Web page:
The Canterbury Tales: The Miller's Tale
The Canterbury Tales: The Miller's Tale Plot Analysis
A carpenter named John lives with his much younger and very pretty wife Alisoun in the university town of Oxford. To make a bit of extra money, he boards a poor young scholar named Nicholas in the spare bedroom.
The description we get of John's domestic situation perfectly sets us up for the conflict that's to follow. We learn not only that Alisoun is much younger than John and very beautiful (from a medieval point of view, a clear indication that she's likely to cheat on him), but also that John boards a young man in the house. You can pretty much guess what's coming.
Nicholas and Alisoun begin an affair, and Absolon courts Alisoun unsuccessfully.
Obviously, Alisoun's role as Nicholas's lover conflicts with her role as John's wife. And Absolon's courtship of Alisoun is unwelcome, since she already has both a lover and a husband. This second plot strand will be wound into the first with great effect at the conclusion.
Alisoun is afraid that John will catch her and Nicholas shacking up. She's extra-cautious about the affair, which means that Nicholas can't have Alisoun all to himself for an entire night. And Alisoun rejects Absolon's advances, since she's distracted by Nicholas.
These are the conflicts that drive the remainder of the plot. Alisoun's caution prompts Nicholas to trick John into believing he needs to sleep in a tub hanging from his rafters, thereby leaving Nicholas and Alisoun to frolic undisturbed. And Alisoun's repeated rejection of Absolon's seduction attempts only seems to spur him on.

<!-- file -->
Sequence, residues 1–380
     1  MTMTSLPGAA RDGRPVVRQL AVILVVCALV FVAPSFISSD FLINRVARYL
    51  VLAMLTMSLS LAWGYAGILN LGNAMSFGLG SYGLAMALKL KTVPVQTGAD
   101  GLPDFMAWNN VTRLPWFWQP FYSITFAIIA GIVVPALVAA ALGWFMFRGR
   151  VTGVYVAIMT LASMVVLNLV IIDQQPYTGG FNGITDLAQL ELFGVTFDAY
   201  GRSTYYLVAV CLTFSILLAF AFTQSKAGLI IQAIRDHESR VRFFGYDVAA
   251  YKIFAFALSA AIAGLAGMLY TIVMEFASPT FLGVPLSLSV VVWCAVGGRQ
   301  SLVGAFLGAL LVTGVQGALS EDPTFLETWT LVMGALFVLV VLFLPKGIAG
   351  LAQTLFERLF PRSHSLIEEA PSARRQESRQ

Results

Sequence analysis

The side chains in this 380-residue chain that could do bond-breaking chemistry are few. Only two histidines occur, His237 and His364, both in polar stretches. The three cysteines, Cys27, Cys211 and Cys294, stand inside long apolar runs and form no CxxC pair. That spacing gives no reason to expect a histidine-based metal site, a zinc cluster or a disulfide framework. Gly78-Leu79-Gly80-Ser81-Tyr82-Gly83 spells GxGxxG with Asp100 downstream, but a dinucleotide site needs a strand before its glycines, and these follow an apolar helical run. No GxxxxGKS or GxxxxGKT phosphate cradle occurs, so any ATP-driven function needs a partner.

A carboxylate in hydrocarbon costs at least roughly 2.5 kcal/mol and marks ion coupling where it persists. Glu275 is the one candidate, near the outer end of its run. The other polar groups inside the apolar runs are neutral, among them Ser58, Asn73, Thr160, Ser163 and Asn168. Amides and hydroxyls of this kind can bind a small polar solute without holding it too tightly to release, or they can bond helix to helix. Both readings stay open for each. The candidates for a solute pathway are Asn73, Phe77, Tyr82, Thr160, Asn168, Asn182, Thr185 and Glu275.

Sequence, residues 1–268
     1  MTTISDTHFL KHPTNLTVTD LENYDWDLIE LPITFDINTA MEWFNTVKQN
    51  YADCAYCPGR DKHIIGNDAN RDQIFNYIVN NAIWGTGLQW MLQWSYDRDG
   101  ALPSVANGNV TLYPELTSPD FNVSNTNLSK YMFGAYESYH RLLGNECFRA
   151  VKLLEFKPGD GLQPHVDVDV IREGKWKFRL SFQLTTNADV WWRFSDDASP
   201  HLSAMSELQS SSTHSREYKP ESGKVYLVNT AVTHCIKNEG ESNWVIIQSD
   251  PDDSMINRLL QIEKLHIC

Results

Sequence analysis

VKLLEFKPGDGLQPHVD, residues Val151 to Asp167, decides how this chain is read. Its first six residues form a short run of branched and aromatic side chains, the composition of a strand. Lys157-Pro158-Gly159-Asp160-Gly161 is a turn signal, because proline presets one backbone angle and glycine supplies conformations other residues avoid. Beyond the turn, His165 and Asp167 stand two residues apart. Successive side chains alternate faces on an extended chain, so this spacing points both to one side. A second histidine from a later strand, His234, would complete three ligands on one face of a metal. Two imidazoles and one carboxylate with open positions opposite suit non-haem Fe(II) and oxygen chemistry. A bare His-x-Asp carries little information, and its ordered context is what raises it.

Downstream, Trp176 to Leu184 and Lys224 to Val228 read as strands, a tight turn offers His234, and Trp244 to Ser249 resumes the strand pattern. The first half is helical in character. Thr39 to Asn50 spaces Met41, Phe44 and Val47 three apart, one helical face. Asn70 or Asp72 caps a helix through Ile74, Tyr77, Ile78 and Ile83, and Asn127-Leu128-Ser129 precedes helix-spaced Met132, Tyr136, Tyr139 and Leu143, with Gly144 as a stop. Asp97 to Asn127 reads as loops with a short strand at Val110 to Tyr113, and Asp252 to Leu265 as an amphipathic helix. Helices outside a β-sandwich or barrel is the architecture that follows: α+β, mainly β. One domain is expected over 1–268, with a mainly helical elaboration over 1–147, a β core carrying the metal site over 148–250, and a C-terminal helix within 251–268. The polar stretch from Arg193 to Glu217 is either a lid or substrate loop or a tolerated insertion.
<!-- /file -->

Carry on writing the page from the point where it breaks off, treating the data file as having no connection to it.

John climbs into the tub hanging from the rafters, clearing the way for Nicholas and Alisoun to get it on. Meanwhile, Absolon learns that no one's seen John all day and makes plans to woo Alisoun later that evening.
This is the moment when the set-up comes to fruition and the complications are addressed. With John in the next room while Nicholas and Alisoun frolic and Absolon on his way to the house, it's the point at which the potential for conflict is at its highest.
Absolon shows up at Alisoun's window in search of a kiss, but instead gets a mouthful of nether half.
Tensions are high: will John wise up to the trick and catch Nicholas and Alisoun in bed together? How will Nicholas handle Absolon's attentions to Alisoun? And how will Absolon react to his humiliation? Will John ever get out of that tub? This is the moment of suspense, the point at which many more questions are raised than answered.
An angry Absolon brands Nicholas's butt with a hot poker, causing him to cry out for water. Hearing his cry, John cuts the rope attaching his tub to the rafters and takes a nasty fall.
Here we get answers to the questions we were wondering about in the suspense stage. John fails to wise up, Nicholas handles Absolon's attentions to Alisoun by continuing the joke she started, Absolon reacts badly to his humiliation, and John does get out of that tub, although painfully.
The bemused townspeople gather around a prostrate John and agree with Alisoun and Nicholas's assessment that he is crazy.
Final questions are tied up here. You may have been wondering if John will figure out he's been had once he sees Nicholas and Alisoun together and realizes there's no flood. If he does, we never get a chance to hear about it, because his protests are drowned out by Alisoun and Nicholas's insistence that he's crazy. Their success in convincing the neighbors of John's insanity rules out any possibility for John to make a case against Nicholas, for no one will believe anything he says from now on. The possibility of conflict averted, the story is over.